Waitrose managing director Mark Price believes that the rise in food prices will be halted by the autumn.

Price said that while UK food price inflation is running at between 4 and 5 per cent “in real terms” across all categories, it will fall to zero or even into negative territory later this year.

His forecast will give a lift to grocers, which are battling and absorbing rising food prices.

“Wheat, peas, meat, potatoes and dairy went up in the summer of last year. There is no reason why it should keep going up and it will equalise over the course of the year and get better from the autumn,” said Price.

He said that because price inflation is “working its way through” the system and rises in commodities such as wheat have happened already, that points to falling food prices – unless there is a repeat of last year’s summer floods in the UK, poor global harvests and isolated outbreaks of livestock diseases.

However, Price conceded that because of relatively high prices, total UK food price inflation will be about 3 per cent this year.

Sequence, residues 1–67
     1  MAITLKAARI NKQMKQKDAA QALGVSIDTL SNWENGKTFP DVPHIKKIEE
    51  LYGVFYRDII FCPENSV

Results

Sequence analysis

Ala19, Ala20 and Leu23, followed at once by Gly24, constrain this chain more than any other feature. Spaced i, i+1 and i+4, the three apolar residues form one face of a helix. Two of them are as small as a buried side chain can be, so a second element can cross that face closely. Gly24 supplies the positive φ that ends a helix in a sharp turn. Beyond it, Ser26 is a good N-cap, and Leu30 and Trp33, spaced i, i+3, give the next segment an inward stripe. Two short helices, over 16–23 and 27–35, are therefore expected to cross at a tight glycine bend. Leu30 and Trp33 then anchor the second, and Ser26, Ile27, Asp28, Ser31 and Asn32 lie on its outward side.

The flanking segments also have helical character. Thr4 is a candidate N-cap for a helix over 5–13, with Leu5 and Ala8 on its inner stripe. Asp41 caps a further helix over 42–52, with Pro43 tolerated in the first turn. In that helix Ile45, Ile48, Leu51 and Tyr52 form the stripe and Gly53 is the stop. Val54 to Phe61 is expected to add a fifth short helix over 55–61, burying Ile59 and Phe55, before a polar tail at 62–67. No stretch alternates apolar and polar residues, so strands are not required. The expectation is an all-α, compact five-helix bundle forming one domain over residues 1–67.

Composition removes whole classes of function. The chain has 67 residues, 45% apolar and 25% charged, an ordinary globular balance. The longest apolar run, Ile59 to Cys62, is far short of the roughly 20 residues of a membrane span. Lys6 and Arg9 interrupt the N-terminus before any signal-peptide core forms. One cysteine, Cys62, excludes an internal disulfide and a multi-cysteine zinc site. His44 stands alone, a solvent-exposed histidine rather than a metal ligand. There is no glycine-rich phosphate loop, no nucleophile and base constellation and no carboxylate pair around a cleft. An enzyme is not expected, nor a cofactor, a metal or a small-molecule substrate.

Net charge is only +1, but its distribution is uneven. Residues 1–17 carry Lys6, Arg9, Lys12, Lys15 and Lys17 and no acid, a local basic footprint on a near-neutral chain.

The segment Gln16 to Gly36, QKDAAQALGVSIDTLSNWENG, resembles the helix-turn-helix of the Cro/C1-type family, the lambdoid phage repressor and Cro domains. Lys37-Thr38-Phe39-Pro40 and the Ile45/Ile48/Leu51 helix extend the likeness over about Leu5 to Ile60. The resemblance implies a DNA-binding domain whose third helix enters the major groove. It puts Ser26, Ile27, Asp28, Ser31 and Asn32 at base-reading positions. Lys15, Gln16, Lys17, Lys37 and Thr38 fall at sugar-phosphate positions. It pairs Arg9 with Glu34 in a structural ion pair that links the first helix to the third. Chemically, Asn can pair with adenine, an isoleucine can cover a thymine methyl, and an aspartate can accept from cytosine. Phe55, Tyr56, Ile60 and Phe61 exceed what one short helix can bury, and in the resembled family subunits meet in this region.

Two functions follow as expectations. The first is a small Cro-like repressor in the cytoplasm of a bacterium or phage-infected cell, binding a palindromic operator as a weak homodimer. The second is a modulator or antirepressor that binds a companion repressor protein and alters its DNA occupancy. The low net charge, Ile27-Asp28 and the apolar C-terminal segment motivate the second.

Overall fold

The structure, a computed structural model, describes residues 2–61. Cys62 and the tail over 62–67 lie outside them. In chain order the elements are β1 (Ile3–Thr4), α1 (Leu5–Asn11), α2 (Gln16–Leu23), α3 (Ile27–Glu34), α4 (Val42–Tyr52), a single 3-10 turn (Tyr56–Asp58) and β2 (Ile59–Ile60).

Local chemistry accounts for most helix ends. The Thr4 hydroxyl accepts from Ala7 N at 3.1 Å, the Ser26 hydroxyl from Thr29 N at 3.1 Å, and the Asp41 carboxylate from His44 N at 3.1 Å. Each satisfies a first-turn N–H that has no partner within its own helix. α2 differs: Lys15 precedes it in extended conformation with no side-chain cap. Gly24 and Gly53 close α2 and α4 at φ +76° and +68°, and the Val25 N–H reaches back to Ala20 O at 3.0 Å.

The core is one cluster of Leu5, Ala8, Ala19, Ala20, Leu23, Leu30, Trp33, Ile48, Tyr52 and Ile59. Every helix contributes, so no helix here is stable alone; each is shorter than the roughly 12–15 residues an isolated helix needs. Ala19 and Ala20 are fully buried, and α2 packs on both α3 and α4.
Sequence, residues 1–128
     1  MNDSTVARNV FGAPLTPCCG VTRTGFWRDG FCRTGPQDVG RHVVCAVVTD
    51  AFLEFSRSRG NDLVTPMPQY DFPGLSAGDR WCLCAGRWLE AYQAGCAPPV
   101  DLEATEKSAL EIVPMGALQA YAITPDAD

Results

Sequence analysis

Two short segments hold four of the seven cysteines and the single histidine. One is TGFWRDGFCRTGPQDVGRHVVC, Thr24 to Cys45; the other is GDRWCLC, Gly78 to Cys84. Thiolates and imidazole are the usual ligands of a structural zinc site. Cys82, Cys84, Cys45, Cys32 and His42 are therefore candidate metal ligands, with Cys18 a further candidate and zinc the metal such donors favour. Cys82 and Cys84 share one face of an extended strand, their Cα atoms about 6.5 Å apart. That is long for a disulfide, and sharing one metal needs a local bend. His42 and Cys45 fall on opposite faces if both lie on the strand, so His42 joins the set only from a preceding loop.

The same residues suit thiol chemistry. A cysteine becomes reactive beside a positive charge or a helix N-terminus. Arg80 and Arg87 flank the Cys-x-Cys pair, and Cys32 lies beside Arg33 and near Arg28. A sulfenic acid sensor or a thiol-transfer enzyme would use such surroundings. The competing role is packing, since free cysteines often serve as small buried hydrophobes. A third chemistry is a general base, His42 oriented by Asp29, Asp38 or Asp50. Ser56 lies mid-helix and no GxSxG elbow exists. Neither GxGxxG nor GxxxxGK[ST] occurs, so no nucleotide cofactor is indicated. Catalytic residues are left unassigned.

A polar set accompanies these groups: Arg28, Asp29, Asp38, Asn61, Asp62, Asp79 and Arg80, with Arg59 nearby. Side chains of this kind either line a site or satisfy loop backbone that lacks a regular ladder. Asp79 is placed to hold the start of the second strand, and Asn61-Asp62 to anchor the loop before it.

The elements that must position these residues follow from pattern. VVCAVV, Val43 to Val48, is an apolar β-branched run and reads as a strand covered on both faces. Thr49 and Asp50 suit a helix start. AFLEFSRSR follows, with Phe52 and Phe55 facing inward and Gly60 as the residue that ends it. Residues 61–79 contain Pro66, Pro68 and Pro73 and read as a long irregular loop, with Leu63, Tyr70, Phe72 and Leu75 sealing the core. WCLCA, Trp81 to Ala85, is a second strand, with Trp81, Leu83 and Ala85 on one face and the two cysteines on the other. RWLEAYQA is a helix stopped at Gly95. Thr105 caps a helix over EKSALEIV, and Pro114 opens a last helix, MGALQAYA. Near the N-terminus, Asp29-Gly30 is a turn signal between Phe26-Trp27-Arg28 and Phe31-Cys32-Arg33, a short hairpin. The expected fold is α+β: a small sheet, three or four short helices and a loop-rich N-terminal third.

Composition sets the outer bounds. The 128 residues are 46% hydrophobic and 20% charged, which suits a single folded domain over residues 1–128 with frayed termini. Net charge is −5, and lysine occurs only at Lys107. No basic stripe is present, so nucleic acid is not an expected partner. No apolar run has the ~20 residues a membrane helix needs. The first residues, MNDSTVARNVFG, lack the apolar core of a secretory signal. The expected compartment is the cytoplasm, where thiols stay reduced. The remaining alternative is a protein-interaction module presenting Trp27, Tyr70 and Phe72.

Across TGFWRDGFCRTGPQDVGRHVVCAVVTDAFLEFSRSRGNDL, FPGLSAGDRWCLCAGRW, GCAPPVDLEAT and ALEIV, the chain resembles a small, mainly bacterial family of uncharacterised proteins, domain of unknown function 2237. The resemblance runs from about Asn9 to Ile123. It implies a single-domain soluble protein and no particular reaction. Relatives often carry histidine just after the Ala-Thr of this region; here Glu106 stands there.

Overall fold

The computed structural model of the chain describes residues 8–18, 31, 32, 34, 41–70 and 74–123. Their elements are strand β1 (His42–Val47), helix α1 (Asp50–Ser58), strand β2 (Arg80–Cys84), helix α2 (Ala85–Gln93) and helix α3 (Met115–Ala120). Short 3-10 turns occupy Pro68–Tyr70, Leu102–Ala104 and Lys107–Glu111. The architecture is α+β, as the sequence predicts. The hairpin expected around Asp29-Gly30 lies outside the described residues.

On the overall economy, Price said he was not witnessing any evidence of a severe downturn in consumer spending.

“I think talking about a recession is hysterical. At Waitrose, I am not seeing any discernible drop in people wanting to eat good food,” he said.

Last week, Waitrose posted a 3.7 per cent increase in sales and a 0.8 per cent like-for-like rise. Waitrose finance director Richard Mayfield said the week’s results were the first meaningful comparison following the Easter holiday period, which fell early this year.

Separately, Price expressed concern that the infrastructure for food production would not satisfy a growing world population, such as soaring demand for meat in China.

Speaking at the Real Food Festival, he said: “Something has got to change. We cannot feed the planet in the way we are farming it – it is a much bigger issue than climate change.”